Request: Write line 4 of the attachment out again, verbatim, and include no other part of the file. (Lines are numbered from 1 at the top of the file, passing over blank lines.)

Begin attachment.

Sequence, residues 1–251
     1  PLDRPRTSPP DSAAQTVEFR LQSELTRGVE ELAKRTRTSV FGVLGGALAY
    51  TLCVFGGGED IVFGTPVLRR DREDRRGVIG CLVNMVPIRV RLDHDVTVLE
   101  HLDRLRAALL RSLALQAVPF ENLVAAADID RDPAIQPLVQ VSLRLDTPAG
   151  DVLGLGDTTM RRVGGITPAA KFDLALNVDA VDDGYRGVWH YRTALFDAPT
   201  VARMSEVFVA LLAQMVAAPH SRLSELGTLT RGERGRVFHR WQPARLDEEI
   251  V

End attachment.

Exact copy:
   101  HLDRLRAALL RSLALQAVPF ENLVAAADID RDPAIQPLVQ VSLRLDTPAG